Food for thought: Why does a skin form over hot milk?
As heat is applied to the milk, the proteins casein and beta-lactoglobulin start to coagulate, and form a skin on the surface. After further heating, the skin dries because of evaporation, and forms a still firmer barrier. Steam produced under the skin builds up and causes the milk to boil over.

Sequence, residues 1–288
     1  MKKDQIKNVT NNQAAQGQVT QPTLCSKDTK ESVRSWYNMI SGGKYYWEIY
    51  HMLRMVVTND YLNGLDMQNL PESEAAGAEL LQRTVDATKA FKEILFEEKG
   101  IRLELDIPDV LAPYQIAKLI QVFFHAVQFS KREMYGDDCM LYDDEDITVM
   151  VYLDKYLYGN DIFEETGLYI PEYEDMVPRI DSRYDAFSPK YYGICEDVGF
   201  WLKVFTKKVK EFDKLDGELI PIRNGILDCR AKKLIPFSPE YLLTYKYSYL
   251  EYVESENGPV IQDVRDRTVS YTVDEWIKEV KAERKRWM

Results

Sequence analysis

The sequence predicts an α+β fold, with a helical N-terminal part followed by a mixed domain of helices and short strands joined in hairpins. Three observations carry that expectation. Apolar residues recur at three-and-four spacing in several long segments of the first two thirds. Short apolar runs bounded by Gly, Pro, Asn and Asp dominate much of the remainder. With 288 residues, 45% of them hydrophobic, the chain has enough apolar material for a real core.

The action of whisking stops the skin from forming (by creating a foam over the surface) and the milk from boiling over. Skin will also form on milky drinks after heating, but adding toppings - marshmallows or whipped cream, say - prevents this.
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